People avoid the topics they need to talk about the most for a variety of reasons. When people admit they are having an affair or yell at their kids, for example, they sometimes worry that the therapist will have an unfavorable opinion of them. They can also find the situation embarrassing (anything involving sex). They may also be in denial (Sure, I drink too much, but it doesn’t really affect my life much). People may conceal information out of fear of being disbelieved. Additionally, people may withhold information in order to avoid not only the therapist but also themselves—to avoid facing their guilt, their anguish, or the truth they know they need to disclose. So then, how do you tell your therapist something hard or embarrassing? That’s what we will help you with today.
Some people have anxiety about uncomfortable situations, and for some of those same people, therapy is uncomfortable. Ironically, therapy is the best place to work through those feelings. In fact, discussing some challenging subjects in treatment is not only vital, but it can also be the perfect opportunity to explain why the subject is so challenging for you. It’s crucial to keep in mind that you might benefit most from therapy when you express your true feelings, even when those feelings pertain to the therapy itself.
Tips For How To Tell Your Therapist Something Hard Or Embarrassing
Being open with your therapist will teach you how to be more open with others as well. The therapist’s office is a safe place to understand and work through your issues. That is why it is important to feel comfortable with the therapist. That way, you can learn to trust and confide in your therapist.
Here are four tips for how to tell your therapist something hard or embarrassing:
1. Be Aware Of Your Anxiety
Be aware of the anxiety that you have from talking about something that may be hard or embarrassing to talk about with your therapist. While it’s normal and OK to have these feelings, the sooner that you can open up about the issue, the sooner that you can begin to overcome it. Explaining your difficulty or embarrassment to your therapist is the first step.
You can begin by discussing your concerns with your therapist. Be honest with them. Tell them that you have been afraid to talk to them about something, but have found it hard to do so.
Recognizing that sharing is difficult for you might also be an important piece of information for you and your therapist to work on.
In doing so, you and your counselor create a space where you may talk about what is bothering you and preventing you from moving forward, which may be easier than simply talking about the problem.As a BetterHelp afﬁliate, we may receive compensation from BetterHelp if you purchase products or services through the links provided.
2. Talk About It When You’re Ready
You must realize that you are free to talk as much as you choose, that your therapist cannot pressure you, and that you have every right to consider an issue carefully before discussing it with your therapist.
After your first session, you can wait until you’re ready to talk about the major issue before doing so.
Here are a few things to keep in mind if you wish to chat to them about something difficult:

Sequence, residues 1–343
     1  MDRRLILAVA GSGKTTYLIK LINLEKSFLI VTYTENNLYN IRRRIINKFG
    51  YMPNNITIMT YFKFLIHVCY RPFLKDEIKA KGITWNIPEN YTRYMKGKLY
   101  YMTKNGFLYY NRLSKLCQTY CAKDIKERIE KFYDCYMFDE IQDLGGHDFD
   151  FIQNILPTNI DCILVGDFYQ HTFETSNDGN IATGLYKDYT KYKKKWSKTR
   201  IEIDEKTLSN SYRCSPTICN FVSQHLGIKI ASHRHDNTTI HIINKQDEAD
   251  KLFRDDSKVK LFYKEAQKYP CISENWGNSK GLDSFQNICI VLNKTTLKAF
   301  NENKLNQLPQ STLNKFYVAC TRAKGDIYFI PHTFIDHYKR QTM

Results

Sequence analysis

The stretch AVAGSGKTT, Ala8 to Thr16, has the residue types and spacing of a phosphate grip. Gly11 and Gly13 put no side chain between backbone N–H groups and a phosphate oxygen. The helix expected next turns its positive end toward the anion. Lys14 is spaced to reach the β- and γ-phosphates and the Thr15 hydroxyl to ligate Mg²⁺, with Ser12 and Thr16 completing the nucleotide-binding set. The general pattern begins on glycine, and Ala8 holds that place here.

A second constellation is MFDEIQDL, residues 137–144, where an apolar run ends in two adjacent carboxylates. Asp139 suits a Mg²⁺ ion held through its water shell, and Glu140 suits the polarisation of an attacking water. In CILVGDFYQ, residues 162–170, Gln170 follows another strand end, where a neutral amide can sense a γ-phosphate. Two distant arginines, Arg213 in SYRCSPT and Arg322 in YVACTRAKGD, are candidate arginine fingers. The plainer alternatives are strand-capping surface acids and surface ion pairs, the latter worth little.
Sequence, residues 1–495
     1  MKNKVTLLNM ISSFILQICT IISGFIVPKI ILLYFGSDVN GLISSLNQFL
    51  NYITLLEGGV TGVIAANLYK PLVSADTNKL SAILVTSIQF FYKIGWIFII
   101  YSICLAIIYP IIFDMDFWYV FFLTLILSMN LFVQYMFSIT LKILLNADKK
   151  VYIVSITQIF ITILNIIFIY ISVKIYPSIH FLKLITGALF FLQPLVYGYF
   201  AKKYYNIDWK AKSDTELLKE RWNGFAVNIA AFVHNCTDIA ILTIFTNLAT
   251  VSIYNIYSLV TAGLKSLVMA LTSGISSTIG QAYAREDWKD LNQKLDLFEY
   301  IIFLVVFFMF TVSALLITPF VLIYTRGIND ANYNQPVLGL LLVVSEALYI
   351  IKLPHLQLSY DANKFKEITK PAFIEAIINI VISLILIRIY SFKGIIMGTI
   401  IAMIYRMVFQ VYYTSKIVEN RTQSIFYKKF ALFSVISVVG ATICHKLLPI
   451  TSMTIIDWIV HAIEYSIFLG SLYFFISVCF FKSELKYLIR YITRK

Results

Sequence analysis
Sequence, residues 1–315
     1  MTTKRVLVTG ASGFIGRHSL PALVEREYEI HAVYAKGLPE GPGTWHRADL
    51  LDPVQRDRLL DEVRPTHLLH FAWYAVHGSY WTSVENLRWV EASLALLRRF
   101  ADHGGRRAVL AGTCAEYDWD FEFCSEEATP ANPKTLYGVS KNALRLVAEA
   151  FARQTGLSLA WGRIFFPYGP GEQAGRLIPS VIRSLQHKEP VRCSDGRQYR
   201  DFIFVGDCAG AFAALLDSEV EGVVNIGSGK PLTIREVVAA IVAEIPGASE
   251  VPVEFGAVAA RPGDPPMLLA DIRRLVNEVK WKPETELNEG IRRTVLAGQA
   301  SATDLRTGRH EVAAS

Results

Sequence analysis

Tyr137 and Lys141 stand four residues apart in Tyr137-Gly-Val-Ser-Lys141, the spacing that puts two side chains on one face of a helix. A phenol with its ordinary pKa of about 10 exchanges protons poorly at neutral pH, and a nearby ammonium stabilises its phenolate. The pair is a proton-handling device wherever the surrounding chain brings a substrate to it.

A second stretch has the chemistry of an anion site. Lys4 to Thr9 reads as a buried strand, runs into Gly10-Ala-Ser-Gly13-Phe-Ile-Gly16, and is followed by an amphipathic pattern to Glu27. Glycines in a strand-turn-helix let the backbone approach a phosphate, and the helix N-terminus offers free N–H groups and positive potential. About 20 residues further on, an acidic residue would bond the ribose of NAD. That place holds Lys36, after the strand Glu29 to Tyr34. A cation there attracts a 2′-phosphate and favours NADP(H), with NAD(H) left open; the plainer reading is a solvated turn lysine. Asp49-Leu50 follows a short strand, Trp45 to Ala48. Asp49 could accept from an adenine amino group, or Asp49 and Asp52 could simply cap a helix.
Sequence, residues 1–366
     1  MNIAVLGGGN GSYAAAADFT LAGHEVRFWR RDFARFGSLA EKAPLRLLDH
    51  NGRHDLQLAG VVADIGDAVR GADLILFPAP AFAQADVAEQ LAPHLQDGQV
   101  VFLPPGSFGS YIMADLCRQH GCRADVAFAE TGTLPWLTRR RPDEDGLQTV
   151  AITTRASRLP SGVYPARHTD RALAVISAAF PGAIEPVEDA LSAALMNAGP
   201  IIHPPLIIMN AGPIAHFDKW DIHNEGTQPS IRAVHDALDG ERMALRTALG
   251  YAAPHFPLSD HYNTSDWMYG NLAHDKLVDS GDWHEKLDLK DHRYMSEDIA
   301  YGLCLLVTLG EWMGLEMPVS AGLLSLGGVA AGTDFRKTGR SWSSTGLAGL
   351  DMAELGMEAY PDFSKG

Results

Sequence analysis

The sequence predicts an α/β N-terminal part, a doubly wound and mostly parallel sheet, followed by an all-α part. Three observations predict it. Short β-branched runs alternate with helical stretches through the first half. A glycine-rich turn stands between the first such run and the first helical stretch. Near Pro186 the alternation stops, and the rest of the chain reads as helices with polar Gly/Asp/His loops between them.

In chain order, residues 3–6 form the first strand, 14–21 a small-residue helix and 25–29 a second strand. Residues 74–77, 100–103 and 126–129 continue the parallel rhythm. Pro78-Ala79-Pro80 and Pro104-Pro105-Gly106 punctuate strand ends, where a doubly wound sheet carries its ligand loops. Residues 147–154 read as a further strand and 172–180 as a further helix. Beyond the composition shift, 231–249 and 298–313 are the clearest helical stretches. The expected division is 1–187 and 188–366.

If you and your therapist have a good rapport, don’t worry about them passing judgment; being open with them will only help them get to know you better and enable them to assist you in helping you.
So that you and your therapist can effectively work on the difficulties together, be sure to discuss it during the appointment instead of on your way out the door or outside of the session.
Additionally, keep in mind that once anything is brought up, you will need to deal with it, including the awkward emotions that come along with it in addition to the actual matter.
3. Don’t Fear Being Judged By Your Therapist
You must realize that your therapist has received training in this area and are happy to guide and support you.
Any ethical therapist will not let this information influence how they see you or how they work with you. So it’s important to not be afraid of being judged or shocking them.
Talking about your anxieties with your therapist can be a fantastic place to start.
4. Realize The Benefits of Being Direct
No matter what you might say, no matter how hard, unpleasant, ugly, or upsetting it may be, realize that your therapist may have worked with clients with similar issues in the past and won’t be alarmed by it.
Rather, if they are to assist their clients in working on themselves, they value and prefer to have a candid revelation of what is challenging for them.
It is important to be direct and upfront with your therapist about your problems in order to promote your personal development and mental wellness.
You must be aware that if there is something that could put you or others in danger, they may need to violate their duty of confidentiality to keep you safe. This is necessary by law.
Even if facing uncomfortable realities may be a cost of sharing them, the benefit is freedom. The opportunity for progress is provided by the truth, which frees us from the chains of our inner prisons. But the more you wait, the more serious the issue grows. That’s why you’d be better off focusing on how you’d be spending more of your own time if you simply opened up and dealt with the issue, instead of worrying about whether you’re wasting your therapist’s time. Now that we’ve given you the knowledge of how to tell your therapist something hard or embarrassing, it’s up to you to make the choice to do so.
If you feel like your current therapist isn’t a good fit for you, that could be why you are afraid to tell them something hard. Don’t be dissuaded to find a new therapist that you would be more comfortable with on BetterHelp.As a BetterHelp afﬁliate, we may receive compensation from BetterHelp if you purchase products or services through the links provided.